It’s hard to sell a dramatic tragedy when your tragic hero’s problem is that he turns into Monster Smurf when he gets mad.  And when Monster Smurf has to fight the Monster Pound Puppies (which spontaneously explode into green mist after a while for no apparent reason; yay for the deus ex machina of “being unstable”), the results actually cross the line that brings the scene into the realm of stupidity.

A story with as much potential as Hulk has deserves so much better than that.

Frighteningly enough, it gets even more ridiculous, thanks to Mr. Lightning Man mentioned above.  I remember walking out of the theatre back when Hulk was released thinking that I’d just witnessed the dumbest climax I’d ever seen in a superhero movie.  Eight extra years and a fresh look have not changed my mind.

Alas, even without the campy editing and cartoonish CGI, Hulk still wouldn’t have worked.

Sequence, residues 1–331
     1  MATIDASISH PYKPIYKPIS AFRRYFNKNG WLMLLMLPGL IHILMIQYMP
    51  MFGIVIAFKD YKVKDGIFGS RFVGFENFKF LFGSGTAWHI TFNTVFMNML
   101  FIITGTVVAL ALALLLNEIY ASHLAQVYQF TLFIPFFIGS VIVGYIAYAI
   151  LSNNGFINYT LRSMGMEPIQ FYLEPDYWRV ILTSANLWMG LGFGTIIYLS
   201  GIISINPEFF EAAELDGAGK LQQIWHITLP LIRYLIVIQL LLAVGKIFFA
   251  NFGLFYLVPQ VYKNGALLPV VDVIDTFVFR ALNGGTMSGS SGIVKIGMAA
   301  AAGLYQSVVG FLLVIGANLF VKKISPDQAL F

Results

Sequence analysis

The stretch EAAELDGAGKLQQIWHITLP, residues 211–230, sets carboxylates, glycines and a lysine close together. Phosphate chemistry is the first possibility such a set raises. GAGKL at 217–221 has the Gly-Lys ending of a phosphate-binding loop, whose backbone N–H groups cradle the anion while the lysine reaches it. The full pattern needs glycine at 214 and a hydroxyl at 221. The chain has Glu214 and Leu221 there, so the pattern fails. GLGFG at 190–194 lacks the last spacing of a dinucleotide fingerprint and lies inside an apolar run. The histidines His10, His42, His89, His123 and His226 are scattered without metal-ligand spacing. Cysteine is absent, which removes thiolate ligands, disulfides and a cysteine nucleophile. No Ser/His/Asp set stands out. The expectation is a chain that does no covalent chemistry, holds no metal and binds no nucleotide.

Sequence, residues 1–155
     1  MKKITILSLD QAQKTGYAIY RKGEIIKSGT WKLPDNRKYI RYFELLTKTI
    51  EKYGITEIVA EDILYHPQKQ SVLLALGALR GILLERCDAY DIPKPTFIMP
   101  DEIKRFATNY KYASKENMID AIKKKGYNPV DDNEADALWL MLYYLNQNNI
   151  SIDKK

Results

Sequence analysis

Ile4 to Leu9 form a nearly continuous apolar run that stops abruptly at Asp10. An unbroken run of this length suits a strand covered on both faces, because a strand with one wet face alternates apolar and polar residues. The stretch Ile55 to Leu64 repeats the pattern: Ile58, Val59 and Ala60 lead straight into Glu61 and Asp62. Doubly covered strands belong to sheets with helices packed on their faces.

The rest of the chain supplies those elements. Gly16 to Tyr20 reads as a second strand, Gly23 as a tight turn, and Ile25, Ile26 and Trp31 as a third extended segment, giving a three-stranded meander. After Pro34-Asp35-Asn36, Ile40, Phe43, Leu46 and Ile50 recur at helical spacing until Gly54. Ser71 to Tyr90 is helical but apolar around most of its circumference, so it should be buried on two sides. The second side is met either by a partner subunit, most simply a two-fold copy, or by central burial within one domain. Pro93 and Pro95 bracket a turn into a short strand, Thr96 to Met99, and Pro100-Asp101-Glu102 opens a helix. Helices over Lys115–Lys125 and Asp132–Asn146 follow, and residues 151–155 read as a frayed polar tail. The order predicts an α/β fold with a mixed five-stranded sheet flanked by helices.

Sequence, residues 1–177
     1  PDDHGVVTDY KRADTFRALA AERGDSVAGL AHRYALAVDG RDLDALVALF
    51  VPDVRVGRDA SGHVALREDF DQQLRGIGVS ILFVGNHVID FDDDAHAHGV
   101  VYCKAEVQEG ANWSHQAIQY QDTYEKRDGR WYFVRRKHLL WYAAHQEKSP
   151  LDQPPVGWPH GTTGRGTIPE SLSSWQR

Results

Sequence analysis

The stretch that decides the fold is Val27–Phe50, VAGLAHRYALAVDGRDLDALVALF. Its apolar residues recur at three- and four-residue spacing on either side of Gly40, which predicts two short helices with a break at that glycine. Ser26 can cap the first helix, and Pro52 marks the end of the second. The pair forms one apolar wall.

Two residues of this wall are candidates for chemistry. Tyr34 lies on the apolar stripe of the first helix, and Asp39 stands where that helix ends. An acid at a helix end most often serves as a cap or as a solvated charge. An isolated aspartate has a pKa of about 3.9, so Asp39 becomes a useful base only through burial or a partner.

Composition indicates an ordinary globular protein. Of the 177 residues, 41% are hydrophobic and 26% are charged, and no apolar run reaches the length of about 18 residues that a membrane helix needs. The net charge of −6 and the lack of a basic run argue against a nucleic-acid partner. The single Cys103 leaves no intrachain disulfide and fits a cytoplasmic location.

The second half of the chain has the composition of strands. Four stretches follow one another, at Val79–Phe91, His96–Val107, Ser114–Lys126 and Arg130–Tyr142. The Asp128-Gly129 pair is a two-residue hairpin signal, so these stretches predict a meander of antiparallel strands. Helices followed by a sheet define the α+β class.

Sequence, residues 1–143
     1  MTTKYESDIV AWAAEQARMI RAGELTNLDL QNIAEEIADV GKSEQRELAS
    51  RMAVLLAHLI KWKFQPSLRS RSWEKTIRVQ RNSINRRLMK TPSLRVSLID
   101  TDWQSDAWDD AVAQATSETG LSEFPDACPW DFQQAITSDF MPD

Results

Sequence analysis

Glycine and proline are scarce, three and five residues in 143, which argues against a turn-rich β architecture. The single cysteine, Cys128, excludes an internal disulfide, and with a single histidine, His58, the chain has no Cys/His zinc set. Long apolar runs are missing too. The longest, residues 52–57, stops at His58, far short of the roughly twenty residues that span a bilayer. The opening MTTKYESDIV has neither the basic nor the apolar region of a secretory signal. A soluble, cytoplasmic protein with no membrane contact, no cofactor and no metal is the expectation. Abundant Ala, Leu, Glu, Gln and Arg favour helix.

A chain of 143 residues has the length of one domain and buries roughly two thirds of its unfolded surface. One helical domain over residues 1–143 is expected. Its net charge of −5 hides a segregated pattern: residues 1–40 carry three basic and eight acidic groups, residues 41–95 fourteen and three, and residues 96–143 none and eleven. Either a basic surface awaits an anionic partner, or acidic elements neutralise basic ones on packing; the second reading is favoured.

It’s tempting to blame Eric Bana, who seems horrendously miscast as Bruce Banner.  For someone whose character is supposed to be tormented by swings of emotion, Bana plays him with almost no range.  He seems limited to either “mopey depressed” or “bitter depressed”, and his expressions only travel from “I have to go to the bathroom” for most scenes to “I really have to go to the bathroom” for when he’s allegedly so mad that he’s on the verge of Hulking out.  The performance is, frankly, tediously boring to watch, and given the attention that Lee is paying to Bruce’s angst, it becomes a long-distance endurance race.  (To say that twenty minutes could easily have been hacked from this flick is to be conservative.)  However, Ang Lee himself may be the ultimate culprit.  Eric Bana would later describe the shooting atmosphere of Hulk as “ridiculously serious and morbid,” and given the kind of direction that would bring about that atmosphere, Bana might not have had much choice in how played the role.